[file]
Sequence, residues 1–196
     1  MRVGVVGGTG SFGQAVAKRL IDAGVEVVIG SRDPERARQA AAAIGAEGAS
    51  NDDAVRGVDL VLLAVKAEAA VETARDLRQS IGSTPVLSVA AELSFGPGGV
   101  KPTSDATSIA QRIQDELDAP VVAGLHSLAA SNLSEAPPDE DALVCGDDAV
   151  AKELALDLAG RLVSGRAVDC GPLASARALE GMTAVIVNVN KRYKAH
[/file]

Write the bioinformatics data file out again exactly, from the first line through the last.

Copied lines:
Sequence, residues 1–196
     1  MRVGVVGGTG SFGQAVAKRL IDAGVEVVIG SRDPERARQA AAAIGAEGAS
    51  NDDAVRGVDL VLLAVKAEAA VETARDLRQS IGSTPVLSVA AELSFGPGGV
   101  KPTSDATSIA QRIQDELDAP VVAGLHSLAA SNLSEAPPDE DALVCGDDAV
   151  AKELALDLAG RLVSGRAVDC GPLASARALE GMTAVIVNVN KRYKAH